Change Text Size
Email Columns Print page
Columns: The Online newspaper for the University of Georgia community
Show Index
October 15, 2012   Columns Articles | Research News | The best defense
Magnify Terns, Rebecca and Michael-h.env.
Rebecca and Michael Terns are seen in their lab at the University of Georgia. Rebecca Terns is a senior research scientist in Biochemistry and Molecular Biology in UGA’s Franklin College of Arts and Sciences. Michael Terns is a distinguished research professor of biochemistry and molecular biology and genetics. 

The best defense

Researchers looking to exploit bacterial immune system for medicine and industry

James Hataway

Public Relations Coordinator

Recent and archived articles by James Hataway

Division of Marketing & Communications
Work: 706-542-6927
By James Hataway | October 15, 2012

Bacteria and archaea are among the smallest forms of life on the planet, but don’t let their size fool you. These simple creatures have persevered for billions of years, thanks in part to a recently discovered immune-like defense system that helps protect them from marauding infectious agents like viruses and plasmids.

The husband-and-wife research team of Michael and Rebecca Terns was one of the first to describe how the bacterial immune system works in a 2009 paper published in Cell. Now, thanks in part to two grants from the National Institutes of Health totaling more than $2.4 million, the Terns lab hopes to find ways of manipulating this bacterial immunity that could have far-reaching implications for a variety of biotechnological and biomedical industries.

“Bacteria, from the pathogens that you hear about on the news to the microbes that normally live in and on our bodies, play a whole range of diverse and important roles in human lives,” said Rebecca Terns, senior research scientist in biochemistry and molecular biology in the Franklin College of Arts and Sciences. “What we’re studying is a defense system that protects bacteria from viruses.”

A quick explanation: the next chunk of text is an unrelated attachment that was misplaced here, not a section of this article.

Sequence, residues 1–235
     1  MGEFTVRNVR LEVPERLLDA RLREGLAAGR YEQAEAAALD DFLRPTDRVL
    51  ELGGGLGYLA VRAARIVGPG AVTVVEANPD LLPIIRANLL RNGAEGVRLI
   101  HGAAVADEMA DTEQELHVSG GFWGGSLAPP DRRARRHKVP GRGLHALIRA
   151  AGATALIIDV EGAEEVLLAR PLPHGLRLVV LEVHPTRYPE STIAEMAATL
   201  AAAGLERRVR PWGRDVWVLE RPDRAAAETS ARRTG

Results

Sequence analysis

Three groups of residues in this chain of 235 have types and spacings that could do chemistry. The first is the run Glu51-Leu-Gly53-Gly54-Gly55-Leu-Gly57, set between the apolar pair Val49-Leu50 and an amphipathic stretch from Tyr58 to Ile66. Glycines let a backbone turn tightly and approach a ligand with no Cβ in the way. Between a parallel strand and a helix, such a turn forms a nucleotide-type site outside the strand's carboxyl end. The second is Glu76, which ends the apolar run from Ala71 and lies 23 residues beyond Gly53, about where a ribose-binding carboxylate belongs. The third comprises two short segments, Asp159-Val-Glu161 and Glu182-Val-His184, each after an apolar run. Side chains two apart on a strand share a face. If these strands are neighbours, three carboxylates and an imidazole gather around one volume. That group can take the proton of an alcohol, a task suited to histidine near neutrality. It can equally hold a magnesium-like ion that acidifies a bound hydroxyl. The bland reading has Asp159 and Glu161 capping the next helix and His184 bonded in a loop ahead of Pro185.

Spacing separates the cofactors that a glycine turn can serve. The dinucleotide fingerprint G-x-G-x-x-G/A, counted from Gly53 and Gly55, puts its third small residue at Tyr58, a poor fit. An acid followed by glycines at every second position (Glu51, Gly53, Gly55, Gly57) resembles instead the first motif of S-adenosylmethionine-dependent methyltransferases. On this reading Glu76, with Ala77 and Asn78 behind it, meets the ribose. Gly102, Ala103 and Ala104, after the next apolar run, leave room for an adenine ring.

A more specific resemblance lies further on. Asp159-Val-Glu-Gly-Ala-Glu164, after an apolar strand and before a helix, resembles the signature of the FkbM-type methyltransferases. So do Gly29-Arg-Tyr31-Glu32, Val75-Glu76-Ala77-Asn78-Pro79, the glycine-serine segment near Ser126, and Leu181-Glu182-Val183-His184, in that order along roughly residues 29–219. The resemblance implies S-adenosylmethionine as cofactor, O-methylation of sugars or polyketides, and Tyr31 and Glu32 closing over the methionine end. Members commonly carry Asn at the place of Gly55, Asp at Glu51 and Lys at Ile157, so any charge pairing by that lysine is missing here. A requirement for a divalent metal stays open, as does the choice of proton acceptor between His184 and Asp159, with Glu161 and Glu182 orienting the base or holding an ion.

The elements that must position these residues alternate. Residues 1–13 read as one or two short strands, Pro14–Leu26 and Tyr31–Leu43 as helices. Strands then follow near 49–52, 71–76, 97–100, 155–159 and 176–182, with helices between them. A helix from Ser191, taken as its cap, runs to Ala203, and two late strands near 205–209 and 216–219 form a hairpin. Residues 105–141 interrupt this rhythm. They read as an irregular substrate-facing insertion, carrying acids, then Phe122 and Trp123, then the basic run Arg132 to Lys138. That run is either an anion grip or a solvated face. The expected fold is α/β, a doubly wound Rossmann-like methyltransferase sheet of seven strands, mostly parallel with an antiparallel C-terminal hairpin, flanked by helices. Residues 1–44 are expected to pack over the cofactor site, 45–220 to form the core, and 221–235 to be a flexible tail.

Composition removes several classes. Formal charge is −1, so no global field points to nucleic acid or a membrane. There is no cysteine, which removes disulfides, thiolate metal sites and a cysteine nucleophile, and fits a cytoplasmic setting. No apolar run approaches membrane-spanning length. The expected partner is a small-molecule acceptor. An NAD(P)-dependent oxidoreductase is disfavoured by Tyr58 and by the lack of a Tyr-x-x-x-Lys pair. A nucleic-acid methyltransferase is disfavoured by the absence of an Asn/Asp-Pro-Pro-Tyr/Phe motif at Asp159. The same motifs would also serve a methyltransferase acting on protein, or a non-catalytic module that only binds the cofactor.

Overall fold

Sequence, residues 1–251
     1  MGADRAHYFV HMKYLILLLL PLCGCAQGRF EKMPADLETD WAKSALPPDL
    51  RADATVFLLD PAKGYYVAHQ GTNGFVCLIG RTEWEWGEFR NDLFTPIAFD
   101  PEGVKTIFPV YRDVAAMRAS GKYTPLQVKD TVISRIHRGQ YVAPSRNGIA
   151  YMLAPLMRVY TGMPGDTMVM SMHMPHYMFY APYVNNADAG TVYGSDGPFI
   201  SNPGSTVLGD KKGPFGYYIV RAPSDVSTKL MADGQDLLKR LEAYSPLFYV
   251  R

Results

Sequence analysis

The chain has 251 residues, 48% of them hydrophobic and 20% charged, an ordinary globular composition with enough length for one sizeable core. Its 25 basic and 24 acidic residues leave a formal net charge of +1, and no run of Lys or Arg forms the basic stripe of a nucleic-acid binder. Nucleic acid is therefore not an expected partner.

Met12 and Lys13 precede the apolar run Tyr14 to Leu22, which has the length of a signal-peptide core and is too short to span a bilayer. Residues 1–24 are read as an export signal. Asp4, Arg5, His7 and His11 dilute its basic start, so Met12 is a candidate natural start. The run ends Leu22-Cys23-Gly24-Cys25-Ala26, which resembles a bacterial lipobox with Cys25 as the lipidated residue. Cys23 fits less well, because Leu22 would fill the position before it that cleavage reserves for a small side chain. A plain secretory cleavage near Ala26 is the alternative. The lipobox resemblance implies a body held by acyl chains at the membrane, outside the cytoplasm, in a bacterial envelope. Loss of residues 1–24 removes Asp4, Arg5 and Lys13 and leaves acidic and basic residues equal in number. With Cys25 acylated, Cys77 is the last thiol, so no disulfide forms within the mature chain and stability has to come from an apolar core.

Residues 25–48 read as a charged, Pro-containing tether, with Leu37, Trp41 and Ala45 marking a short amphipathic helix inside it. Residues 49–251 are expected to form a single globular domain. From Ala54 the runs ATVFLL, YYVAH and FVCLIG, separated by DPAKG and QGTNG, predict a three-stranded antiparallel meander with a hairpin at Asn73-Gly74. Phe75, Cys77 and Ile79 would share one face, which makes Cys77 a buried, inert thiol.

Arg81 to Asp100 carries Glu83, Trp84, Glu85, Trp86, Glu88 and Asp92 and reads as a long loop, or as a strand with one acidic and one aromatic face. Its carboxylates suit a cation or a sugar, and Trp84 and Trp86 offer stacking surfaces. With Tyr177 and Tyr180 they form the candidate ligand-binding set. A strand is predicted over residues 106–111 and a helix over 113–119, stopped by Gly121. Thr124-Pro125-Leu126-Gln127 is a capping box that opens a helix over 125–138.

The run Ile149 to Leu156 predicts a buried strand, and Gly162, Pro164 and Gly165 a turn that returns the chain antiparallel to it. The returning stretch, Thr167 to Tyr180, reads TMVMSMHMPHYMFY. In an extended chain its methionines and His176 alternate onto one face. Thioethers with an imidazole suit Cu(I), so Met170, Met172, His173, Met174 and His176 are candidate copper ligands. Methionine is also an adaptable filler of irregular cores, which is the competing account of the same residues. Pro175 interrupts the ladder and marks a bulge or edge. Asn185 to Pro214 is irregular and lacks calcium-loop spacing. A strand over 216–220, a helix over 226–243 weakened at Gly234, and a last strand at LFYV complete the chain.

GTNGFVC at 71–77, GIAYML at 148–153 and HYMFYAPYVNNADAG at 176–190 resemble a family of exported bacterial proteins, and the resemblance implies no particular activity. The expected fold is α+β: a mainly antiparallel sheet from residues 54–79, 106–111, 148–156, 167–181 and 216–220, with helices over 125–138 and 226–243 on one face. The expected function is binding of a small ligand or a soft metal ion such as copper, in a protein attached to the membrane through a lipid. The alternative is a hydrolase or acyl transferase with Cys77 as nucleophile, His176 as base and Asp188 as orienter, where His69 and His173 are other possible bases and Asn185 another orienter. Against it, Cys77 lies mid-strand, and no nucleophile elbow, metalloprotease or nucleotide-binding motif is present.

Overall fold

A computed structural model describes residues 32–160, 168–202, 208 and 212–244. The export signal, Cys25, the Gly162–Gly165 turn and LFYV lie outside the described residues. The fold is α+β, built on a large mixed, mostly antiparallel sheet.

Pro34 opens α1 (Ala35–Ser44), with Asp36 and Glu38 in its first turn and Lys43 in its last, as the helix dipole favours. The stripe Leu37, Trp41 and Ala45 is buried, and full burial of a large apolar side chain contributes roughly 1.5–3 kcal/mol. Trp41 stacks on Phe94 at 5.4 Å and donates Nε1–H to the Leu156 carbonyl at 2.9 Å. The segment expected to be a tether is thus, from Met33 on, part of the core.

The fact that bacteria are vulnerable to viruses is a double-edged sword because to humans they are both powerful enemies and essential allies. On one hand, pathogenic bacteria cause serious and debilitating diseases. On the other hand, many bacteria serve protective functions or are used in industries to clean wastewater, make food, produce medicine and make plastics.

Once they have a better understanding of the various mechanisms involved in bacterial immunity, the Terns lab hopes to develop methods to protect helpful bacteria and destroy those that make people sick.

“We’re trying to bolster this immune system in the good bacteria that we exploit to make foods, pharmaceuticals and biofuels,” said Michael Terns, Distinguished Research Professor of Biochemistry and Molecular Biology and Genetics. “At the same time, we’re trying to find ways to turn this immune system on itself and kill pathogenic bacteria.”

When a bacterium encounters an invader like a virus, it recognizes the viral DNA, chops it up into pieces and incorporates a segment of the viral DNA into its own genome. As the bacteria experiences more threats from viruses, they accumulate a memory bank of past infections in a special part of their genetic code commonly known as CRISPRs, short for clustered regularly interspaced short palindromic repeats.

After this initial step, the bacteria then create special CRISPR-associated proteins that ultimately recognize and destroy the virus if it tries to invade again.

“If we take a bacterium and challenge it with a virus in the lab, overnight most of the bacteria will be killed, but there will be a few survivors that have found a piece of the virus and incorporated it into their own genome,” Michael Terns said. “And the resulting immunity is heritable, because when these survivors reproduce, all new cells exposed to the same virus will survive.”

The Terns lab is working to understand precisely how this process takes place in the bacterium Streptococcus thermophilus, which is commonly used by the dairy industry to make yogurt and cheese, and the archaeon Pyrococcus furiosus, used to make industrially important enzymes and chemicals and to increase heat tolerance in plants.

Discoveries made in the Terns lab also illuminate previously unknown basic microbiological processes, opening the doors for new fields of exploration and new levels of understanding.